Mykhailo Fedorov, Ukraine’s Vice Prime Minister, posted a photo of a truck full of Starlink dishes in his country on Monday. Elon Musk, the CEO of SpaceX, responded with a tweet that said, “You are most welcome.”
Starlink’s arrival in Ukraine was unexpectedly quick. However, SpaceX’s satellite internet system has one benefit over typical internet networks that rely on underground optical fiber lines. Starlink, on the other hand, beams high-speed internet to consumers around the world using a constellation of over 1,500 operational satellites in Earth’s orbit.
Like a solution, even if a fiber-based network is disrupted or damaged, Starlink can still provide high-speed internet to an area of the world. Only the $499 Starlink dish is required by the user. Meanwhile, the country requires access to a Starlink ground station from at least one of its neighbors. And, given that Starlink is currently available in Poland, expanding the service to Ukraine was likely not difficult.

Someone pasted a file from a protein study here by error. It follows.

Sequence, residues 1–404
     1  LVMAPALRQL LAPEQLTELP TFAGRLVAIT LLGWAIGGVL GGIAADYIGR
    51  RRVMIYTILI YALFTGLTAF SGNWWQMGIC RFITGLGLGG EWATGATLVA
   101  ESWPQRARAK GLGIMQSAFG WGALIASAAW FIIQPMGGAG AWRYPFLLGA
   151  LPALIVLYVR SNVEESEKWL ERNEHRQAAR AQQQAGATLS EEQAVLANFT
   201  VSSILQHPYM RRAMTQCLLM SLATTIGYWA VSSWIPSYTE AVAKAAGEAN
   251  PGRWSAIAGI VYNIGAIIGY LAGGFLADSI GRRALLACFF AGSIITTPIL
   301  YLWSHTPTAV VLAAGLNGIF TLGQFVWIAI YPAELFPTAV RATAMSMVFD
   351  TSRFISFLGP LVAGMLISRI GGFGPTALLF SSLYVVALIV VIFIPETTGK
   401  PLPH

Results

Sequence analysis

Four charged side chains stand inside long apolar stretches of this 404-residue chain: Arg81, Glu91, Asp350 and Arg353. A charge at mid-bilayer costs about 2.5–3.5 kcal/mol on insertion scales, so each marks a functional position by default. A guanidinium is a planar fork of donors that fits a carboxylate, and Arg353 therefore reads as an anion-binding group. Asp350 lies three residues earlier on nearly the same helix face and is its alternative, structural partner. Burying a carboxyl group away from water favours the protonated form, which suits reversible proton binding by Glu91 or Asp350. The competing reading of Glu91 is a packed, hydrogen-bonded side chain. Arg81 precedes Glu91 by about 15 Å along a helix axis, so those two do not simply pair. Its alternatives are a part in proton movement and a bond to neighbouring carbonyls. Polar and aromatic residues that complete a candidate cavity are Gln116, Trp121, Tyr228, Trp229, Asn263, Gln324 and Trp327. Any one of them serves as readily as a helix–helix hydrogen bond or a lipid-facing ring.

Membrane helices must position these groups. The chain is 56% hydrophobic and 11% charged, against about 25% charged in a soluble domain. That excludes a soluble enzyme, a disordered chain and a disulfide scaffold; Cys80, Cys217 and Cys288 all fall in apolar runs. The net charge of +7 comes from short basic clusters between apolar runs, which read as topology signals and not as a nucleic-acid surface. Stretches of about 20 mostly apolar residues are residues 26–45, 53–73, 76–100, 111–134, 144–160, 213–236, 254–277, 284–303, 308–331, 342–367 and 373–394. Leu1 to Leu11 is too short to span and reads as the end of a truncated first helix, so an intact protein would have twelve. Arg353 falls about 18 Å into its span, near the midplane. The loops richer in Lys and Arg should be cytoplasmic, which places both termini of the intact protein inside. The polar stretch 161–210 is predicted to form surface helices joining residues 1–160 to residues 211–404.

Fedorov tweeted to Musk on Feb. 27th, pleading with him to allow Starlink access in Ukraine, citing the threat of Russian rockets killing civilians in his nation. “Starlink service is now active in Ukraine, More terminals en route.” Musk tweeted around 10 hours later.
Fedorov also shared a photo on Instagram of him setting up a Starlink dish while his rifle rests nearby. “Thank you, Elon Musk, and all of our free Ukraine partners!” He wrote, “We continue to fight on all fronts!”
On Twitter, one user claims that Starlink is working for him in Kyiv, Ukraine’s capital, which is under siege by Russian forces. “The Dishy was put right outside my window, even without adjustments,” user Oleg Kutkov tweeted. He also included a speed test result, indicating that Starlink was providing him with download speeds of 136Mbps.